Severe hypoglycemia, impaired awareness of hypoglycemia, and self-monitoring in adults with type 1 diabetes

Results from Diabetes MILES-Australia

Christel Hendrieckx, Virginia Hagger, Alicia Jenkins, Timothy Chas Skinner, Frans Pouwer, Jane Speight

    Research output: Contribution to journalArticleResearchpeer-review

    Abstract

    Aims: To assess prevalence of severe hypoglycemia, awareness and symptoms of hypoglycemia, and their associations with self-monitoring of blood glucose. 

    Methods: Diabetes MILES-Australia Study participants completed validated questionnaires and study-specific items. 

    Results: Of 642 adults with type 1 diabetes, 21% reported ≥. 1 severe hypoglycemic event in the past six months, and 21% reported impaired awareness of hypoglycemia (IAH). Severe hypoglycemia was increased four-fold for those with IAH compared with intact awareness (1.4. ±. 3.9 versus 0.3. ±. 1.0). Of those with IAH, 92% perceived autonomic and 88% neuroglycopenic symptoms, albeit at lower glucose thresholds compared to people with intact awareness. Those with IAH were more likely to perceive both symptom types at the same glucose level or to perceive neuroglycopenic symptoms first (all p. <. 0.001). Eighteen percent with IAH treated hypoglycemia only when they perceived symptoms and another 18% only when their capillary glucose was <. 3.0. mmol/L. 

    Conclusions: One in five adults with type 1 diabetes had IAH or experienced severe hypoglycemia in the past six. months. Total loss of hypoglycemia symptoms was rare; most people with IAH retained autonomic symptoms, perceived at relatively low glucose levels. Frequent self-monitoring of blood glucose prompted early recognition and treatment of hypoglycemia, suggesting severe hypoglycemia risk can be minimized.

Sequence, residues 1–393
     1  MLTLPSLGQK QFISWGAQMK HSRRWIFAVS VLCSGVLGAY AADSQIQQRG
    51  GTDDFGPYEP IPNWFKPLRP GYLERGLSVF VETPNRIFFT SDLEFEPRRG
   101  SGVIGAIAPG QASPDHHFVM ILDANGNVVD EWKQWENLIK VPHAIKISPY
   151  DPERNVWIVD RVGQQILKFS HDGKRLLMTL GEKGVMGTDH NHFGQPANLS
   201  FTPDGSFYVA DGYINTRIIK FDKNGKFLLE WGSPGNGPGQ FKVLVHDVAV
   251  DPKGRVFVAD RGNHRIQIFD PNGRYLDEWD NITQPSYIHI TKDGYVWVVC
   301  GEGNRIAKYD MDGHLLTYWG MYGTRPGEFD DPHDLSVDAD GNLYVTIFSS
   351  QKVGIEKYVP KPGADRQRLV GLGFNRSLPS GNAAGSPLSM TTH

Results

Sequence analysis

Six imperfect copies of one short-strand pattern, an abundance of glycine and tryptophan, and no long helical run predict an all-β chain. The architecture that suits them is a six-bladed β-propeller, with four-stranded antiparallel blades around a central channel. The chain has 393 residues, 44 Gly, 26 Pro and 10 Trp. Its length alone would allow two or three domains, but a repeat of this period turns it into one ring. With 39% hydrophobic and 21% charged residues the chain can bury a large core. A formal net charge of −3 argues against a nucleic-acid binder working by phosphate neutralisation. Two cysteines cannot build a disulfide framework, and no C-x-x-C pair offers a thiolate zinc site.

Original languageEnglish
    Pages (from-to)577-582
    Number of pages6
    JournalJournal of Diabetes and Its Complications
    Volume31
    Issue number3
    Early online date27 Nov 2016
    DOIs
    Publication statusPublished - 2017

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    Type 1 Diabetes Mellitus
    Hypoglycemia
    Blood Glucose Self-Monitoring
    Glucose
    Hypoglycemic Agents

    Cite this

    Hendrieckx, Christel ; Hagger, Virginia ; Jenkins, Alicia ; Skinner, Timothy Chas ; Pouwer, Frans ; Speight, Jane. / Severe hypoglycemia, impaired awareness of hypoglycemia, and self-monitoring in adults with type 1 diabetes : Results from Diabetes MILES-Australia. In: Journal of Diabetes and Its Complications. 2017 ; Vol. 31, No. 3. pp. 577-582.
    @article{f91aafaa05aa4d2294064fdfa9bb32fe,
    title = "Severe hypoglycemia, impaired awareness of hypoglycemia, and self-monitoring in adults with type 1 diabetes: Results from Diabetes MILES-Australia",
    abstract = "Aims: To assess prevalence of severe hypoglycemia, awareness and symptoms of hypoglycemia, and their associations with self-monitoring of blood glucose. Methods: Diabetes MILES-Australia Study participants completed validated questionnaires and study-specific items. Results: Of 642 adults with type 1 diabetes, 21{\%} reported ≥. 1 severe hypoglycemic event in the past six months, and 21{\%} reported impaired awareness of hypoglycemia (IAH). Severe hypoglycemia was increased four-fold for those with IAH compared with intact awareness (1.4. ±. 3.9 versus 0.3. ±. 1.0). Of those with IAH, 92{\%} perceived autonomic and 88{\%} neuroglycopenic symptoms, albeit at lower glucose thresholds compared to people with intact awareness. Those with IAH were more likely to perceive both symptom types at the same glucose level or to perceive neuroglycopenic symptoms first (all p. <. 0.001). Eighteen percent with IAH treated hypoglycemia only when they perceived symptoms and another 18{\%} only when their capillary glucose was <. 3.0. mmol/L. Conclusions: One in five adults with type 1 diabetes had IAH or experienced severe hypoglycemia in the past six. months. Total loss of hypoglycemia symptoms was rare; most people with IAH retained autonomic symptoms, perceived at relatively low glucose levels. Frequent self-monitoring of blood glucose prompted early recognition and treatment of hypoglycemia, suggesting severe hypoglycemia risk can be minimized.",